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(TriceEdneyWire.com)—“You are where you are today because you stand on somebody’s shoulders. And wherever you are heading, you cannot get there by yourself. If you stand on the shoulders of others, you have a reciprocal responsibility to live your life so that others may stand on your shoulders. It’s the quid pro quo of life. We exist temporarily through what we take, but we live forever through what we give.”—Vernon E. Jordan, Jr.

When I began my career in public service 25 years ago, I was fortunate to have outstanding mentors and role models, most notably my own parents. Ernest “Dutch” Morial and Sybil Morial were—and my mother continues to be—tireless activists and advocates for civil rights and social justice. I grew up in the movement, and was inspired by heroes such as Whitney M. Young, Roy Wilkins, Martin Luther King, Jr., and Dorothy Height. I first sought elected office in the era of Douglas Wilder, the first Black governor of Virginia, and Carol Mosely Braun, the first Black woman elected to the U.S. Senate. The management guru Peter Drucker said “there is no success without a successor,” and while I humbly pray that I may represent the success of my mentors and role models, I recognize that all of us are part of a continuum.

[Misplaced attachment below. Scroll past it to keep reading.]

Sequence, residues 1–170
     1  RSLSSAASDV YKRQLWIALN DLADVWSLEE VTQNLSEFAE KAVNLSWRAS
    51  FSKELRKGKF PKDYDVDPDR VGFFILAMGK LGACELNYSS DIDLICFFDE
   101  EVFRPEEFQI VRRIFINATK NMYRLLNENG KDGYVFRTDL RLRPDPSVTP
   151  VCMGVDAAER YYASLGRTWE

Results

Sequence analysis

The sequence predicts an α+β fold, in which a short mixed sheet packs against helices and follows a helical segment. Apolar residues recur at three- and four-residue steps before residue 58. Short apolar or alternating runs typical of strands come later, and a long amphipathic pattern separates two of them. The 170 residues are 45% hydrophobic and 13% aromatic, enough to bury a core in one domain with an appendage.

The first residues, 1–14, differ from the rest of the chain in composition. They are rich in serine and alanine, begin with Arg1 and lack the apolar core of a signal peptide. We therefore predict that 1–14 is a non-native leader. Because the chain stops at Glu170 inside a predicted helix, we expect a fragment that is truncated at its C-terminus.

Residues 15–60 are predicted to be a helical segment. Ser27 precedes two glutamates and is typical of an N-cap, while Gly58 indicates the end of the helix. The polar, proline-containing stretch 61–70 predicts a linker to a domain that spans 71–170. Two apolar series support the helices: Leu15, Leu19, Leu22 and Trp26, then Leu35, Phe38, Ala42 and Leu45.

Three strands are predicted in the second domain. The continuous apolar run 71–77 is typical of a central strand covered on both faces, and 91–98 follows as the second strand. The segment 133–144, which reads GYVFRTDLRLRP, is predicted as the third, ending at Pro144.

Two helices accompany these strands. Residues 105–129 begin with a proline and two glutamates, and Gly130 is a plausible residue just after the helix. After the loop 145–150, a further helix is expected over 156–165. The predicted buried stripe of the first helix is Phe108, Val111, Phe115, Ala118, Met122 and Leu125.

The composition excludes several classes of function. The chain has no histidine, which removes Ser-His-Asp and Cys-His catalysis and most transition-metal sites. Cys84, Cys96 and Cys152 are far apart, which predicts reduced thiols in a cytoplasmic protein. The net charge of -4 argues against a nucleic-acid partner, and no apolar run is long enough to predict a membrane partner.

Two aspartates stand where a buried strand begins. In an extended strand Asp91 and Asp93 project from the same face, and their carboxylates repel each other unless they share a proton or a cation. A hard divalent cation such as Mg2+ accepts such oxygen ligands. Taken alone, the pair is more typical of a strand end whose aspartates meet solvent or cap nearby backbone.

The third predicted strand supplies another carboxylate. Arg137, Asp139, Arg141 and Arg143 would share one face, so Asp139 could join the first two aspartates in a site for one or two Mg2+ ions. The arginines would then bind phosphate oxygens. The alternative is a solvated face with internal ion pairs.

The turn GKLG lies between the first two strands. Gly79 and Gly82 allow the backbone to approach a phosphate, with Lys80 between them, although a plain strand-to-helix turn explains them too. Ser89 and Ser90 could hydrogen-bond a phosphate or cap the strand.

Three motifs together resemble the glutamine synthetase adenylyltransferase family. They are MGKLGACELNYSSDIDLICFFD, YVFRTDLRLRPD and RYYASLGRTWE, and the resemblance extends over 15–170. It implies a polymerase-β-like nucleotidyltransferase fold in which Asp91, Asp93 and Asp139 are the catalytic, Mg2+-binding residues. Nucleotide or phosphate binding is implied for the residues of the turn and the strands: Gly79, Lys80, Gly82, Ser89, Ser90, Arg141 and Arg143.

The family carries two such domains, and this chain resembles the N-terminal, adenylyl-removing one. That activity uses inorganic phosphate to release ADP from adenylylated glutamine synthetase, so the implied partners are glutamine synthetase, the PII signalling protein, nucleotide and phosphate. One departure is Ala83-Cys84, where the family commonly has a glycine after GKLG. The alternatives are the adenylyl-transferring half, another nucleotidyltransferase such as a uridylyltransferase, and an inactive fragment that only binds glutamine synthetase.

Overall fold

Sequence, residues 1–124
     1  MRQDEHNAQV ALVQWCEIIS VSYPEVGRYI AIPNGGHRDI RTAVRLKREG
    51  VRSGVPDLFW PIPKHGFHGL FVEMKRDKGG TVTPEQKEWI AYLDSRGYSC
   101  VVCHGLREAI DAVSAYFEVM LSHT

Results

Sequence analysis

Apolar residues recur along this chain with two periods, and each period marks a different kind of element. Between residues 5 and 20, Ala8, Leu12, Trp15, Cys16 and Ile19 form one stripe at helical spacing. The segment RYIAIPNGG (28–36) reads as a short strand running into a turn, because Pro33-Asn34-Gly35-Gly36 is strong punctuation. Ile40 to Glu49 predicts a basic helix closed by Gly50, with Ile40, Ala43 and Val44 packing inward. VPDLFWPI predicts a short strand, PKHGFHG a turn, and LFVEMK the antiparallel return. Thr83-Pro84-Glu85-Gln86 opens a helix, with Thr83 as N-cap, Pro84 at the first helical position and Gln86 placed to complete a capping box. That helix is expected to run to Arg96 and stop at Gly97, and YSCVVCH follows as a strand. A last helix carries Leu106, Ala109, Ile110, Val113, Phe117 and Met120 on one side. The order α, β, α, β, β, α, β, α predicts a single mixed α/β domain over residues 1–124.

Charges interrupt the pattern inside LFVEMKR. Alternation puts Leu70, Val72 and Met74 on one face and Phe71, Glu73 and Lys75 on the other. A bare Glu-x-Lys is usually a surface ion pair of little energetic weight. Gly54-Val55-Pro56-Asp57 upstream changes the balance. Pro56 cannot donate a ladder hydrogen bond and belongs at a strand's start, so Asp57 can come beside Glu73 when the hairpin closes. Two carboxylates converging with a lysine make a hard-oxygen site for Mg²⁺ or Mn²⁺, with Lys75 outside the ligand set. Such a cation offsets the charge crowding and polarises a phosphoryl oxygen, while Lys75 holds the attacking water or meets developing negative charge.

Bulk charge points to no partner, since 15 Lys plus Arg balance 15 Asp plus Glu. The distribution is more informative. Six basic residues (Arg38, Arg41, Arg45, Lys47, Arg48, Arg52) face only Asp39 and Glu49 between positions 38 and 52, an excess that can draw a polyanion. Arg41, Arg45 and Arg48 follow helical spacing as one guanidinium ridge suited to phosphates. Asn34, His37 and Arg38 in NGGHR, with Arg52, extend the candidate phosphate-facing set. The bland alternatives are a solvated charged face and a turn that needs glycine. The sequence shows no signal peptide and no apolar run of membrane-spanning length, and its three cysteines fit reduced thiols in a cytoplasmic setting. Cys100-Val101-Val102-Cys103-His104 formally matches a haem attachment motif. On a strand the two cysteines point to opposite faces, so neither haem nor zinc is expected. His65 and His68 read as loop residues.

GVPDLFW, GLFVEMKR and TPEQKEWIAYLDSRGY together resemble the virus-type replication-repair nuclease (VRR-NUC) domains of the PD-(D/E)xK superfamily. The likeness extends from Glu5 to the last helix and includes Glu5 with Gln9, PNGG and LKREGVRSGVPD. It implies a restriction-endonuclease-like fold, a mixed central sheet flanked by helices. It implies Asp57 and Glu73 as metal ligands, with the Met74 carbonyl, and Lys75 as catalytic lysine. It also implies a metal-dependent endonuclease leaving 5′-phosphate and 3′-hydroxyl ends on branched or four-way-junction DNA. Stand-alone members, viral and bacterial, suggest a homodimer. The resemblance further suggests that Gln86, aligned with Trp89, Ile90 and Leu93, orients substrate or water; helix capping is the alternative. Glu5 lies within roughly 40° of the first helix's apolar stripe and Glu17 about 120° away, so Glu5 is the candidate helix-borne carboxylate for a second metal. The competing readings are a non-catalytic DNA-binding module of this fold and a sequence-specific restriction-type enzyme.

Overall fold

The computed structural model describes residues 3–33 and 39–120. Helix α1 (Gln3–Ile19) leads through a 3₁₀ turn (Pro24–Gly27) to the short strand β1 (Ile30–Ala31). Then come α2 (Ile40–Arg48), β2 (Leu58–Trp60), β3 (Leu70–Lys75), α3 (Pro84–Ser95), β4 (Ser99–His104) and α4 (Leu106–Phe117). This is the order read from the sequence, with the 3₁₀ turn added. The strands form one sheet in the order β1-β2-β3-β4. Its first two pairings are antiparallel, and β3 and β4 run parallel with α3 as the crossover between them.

We launched Urban League 25 to recognize and encourage the best and brightest leaders under 40—the next generation of Dr. Mae Jemisons and Colin Powells and Barack Obamas.

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